Not very long into the road trip, the voice from the back seat asks, “Are we there yet?” We apprentice small grain growers also want to know: “Is it grain yet?”
More than impatience prompts the question. Research suggests there are optimum times during the life of a wheat field for applying fertilizer, attacking weeds, or watching for pests. One way of looking for wheat growth milestones has been found to be fairly reliable, no matter where the wheat is planted. The key is knowing how much heat that field has experienced since the seed was planted.
|Vincent Van Gogh's Wheat Fields|
|... in the hot Provence sun.|
Growing Degree Days is the magic incantation. Each day gets a number, which is simply the mean temperature – halfway between the high and the low – for that day.
|From Hot ...|
|... to cold.|
Just to make it a challenge, the temperatures are on the Centigrade scale and the lowest temperature that you use is never below freezing, or 0 degrees C.
|Maggie's Farm -- Agoura Hills|
What does this have to do with the entreaty, “So when is the wheat ready to eat?”
Over the years, growers have noticed how much heat is required to encourage wheat through each of its basic stages of growth. Sprouting (or emergence), leaf development, stem growth, flowering, seed filling, and kernel maturity all require a certain number of GDDs.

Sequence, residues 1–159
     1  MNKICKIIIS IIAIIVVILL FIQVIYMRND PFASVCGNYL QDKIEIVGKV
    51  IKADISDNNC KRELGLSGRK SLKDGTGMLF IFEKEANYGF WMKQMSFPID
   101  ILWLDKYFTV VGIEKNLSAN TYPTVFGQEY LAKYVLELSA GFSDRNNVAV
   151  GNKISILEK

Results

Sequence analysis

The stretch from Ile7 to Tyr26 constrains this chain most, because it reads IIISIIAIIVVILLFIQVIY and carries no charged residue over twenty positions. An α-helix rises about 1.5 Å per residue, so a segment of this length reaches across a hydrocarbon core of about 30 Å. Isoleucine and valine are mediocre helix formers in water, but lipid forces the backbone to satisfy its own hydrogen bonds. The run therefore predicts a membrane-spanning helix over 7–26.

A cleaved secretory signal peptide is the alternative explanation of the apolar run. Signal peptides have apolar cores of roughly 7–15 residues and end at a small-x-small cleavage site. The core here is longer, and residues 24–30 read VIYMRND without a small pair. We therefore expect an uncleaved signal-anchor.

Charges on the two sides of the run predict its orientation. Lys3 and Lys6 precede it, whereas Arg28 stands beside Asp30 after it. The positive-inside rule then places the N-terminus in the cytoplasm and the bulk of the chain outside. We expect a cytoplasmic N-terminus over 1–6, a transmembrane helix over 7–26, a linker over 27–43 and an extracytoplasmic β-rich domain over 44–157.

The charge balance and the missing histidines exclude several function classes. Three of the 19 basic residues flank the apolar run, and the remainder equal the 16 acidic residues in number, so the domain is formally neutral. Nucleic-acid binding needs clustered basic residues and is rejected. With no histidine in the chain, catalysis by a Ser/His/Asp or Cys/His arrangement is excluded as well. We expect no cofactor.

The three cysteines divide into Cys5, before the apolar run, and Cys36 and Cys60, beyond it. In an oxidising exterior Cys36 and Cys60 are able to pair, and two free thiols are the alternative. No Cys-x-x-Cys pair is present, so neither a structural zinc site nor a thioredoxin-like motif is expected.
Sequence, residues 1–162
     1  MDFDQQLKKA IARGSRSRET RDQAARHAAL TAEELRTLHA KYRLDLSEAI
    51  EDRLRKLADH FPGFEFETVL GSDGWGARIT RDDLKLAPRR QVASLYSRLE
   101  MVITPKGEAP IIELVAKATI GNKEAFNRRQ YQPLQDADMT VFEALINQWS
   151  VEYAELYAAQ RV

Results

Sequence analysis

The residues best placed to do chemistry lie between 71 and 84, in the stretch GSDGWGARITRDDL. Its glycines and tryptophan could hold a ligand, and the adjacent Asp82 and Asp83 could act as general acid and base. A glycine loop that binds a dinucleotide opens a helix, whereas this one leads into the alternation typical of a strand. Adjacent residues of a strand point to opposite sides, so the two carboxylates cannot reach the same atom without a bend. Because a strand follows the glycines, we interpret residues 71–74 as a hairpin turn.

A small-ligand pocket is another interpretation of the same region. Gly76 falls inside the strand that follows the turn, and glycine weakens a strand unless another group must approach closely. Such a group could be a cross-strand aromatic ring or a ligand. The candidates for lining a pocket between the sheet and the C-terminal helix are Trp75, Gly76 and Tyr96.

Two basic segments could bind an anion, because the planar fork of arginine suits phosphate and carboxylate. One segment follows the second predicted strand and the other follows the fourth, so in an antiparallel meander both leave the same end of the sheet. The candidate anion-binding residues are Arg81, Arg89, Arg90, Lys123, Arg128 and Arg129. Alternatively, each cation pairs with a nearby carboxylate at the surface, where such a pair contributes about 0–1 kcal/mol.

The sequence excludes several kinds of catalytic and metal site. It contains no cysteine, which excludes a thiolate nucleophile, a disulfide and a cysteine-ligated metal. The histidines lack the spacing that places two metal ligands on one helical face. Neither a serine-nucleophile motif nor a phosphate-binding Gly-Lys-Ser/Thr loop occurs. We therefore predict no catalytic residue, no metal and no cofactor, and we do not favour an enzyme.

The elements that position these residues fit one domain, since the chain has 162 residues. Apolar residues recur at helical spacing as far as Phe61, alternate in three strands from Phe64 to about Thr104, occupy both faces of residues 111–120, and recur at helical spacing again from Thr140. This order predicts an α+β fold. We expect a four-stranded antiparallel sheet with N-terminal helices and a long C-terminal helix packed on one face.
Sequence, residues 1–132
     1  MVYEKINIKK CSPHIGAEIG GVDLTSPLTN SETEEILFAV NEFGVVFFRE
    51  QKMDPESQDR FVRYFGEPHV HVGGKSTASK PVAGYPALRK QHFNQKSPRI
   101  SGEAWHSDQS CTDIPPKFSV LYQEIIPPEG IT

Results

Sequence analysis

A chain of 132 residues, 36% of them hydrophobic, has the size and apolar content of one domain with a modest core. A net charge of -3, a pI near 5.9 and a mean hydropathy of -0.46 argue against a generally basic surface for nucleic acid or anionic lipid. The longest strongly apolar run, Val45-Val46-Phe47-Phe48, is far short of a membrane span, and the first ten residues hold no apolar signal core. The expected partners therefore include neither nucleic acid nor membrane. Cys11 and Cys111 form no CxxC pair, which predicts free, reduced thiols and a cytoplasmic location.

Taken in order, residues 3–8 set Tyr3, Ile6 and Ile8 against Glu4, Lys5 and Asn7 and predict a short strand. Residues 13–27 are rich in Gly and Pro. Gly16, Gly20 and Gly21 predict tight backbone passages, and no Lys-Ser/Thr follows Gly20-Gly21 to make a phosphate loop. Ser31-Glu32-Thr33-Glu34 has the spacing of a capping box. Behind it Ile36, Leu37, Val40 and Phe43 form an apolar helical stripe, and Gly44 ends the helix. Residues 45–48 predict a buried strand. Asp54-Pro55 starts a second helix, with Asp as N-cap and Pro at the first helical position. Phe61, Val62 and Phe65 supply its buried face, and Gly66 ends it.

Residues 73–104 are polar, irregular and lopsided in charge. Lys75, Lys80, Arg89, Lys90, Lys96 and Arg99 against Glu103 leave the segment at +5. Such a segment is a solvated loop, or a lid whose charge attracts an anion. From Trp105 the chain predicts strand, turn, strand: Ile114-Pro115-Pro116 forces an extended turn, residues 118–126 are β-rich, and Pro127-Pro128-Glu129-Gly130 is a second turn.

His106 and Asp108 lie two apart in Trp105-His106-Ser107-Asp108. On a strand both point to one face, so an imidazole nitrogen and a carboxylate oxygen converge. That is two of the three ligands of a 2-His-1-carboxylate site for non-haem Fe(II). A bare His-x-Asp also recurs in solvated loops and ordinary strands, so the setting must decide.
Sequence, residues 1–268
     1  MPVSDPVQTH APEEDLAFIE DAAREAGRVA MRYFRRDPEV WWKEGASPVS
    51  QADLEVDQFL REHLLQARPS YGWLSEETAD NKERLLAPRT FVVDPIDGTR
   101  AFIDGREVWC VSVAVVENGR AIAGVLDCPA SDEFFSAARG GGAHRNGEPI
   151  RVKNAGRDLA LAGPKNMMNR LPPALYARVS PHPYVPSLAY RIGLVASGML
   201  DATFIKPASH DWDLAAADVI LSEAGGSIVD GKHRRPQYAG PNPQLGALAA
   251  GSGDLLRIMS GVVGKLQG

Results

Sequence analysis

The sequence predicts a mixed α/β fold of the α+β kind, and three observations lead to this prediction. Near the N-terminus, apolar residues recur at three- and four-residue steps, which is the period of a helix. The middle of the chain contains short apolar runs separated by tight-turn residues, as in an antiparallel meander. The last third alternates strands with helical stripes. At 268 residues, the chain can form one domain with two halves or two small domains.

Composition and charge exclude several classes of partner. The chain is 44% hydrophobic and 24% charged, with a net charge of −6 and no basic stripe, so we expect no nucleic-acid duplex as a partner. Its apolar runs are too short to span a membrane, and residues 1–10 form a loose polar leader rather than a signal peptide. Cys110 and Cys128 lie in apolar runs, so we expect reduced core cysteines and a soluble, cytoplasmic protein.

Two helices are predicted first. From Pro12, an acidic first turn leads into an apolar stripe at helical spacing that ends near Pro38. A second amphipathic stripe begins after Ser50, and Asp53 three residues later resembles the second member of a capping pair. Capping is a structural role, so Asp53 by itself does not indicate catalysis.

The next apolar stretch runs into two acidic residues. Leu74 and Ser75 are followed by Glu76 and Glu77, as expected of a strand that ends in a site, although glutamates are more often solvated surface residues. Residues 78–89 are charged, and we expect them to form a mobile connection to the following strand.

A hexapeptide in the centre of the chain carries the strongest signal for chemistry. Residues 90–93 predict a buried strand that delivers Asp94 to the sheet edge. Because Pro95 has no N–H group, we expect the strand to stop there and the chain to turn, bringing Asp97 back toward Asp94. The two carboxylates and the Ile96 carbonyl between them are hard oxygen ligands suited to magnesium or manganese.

Well, maybe not a “certain” number, but an approximate guess, based on a lot of watched wheat. And those guesses may prove a bit off if the weather is different from the average, or if we get a week of chilly downpours. Or the goats get into the wheat. It’s a speculation, based on estimates, opinions, averages, and hunches.
With much of our wheat now emerged from the soil up into the warm sun and well into leaf development, here’s what might happen. Leaves will continue to appear through much of February.
|Our Red Fife 54 calendar days and 279 Growing Degree Days after planting|
During March we’ll see the boot stage start, with real stem growth. That often happens after a total of 768 GDDs. Based on previous years, Agoura Hills will reach that number on about March 26th.
April will be time for heading, the appearance of the seed heads and maybe, before month end, the flowering of those wanna-be seeds. During the month of May we are likely to see the kernels ripening, with maturity anytime from late in May to the middle of June.
Or maybe earlier. Or later. And each of our five main varieties will be on its own schedule.
So we’ll wait and see. But at some point in the spring, the real timetable will make itself obvious. Kernels will reach their full size and be considered "watery ripe." They'll gradually turn from green to amber, and this is when the calendar is put away and it is all there in front of us, pressing kernels between our thumbnail and index finger …
... watching for the soft dough stage, the hard dough stage, the time when you can only leave a dent in the grain, and, finally, when your nail can no longer make an impression.
Then, it’s time for harvest.
|The Harvesters by Pieter Bruegel|
Local grain for local mills, providing local flour for those great local loaves. Mmmm.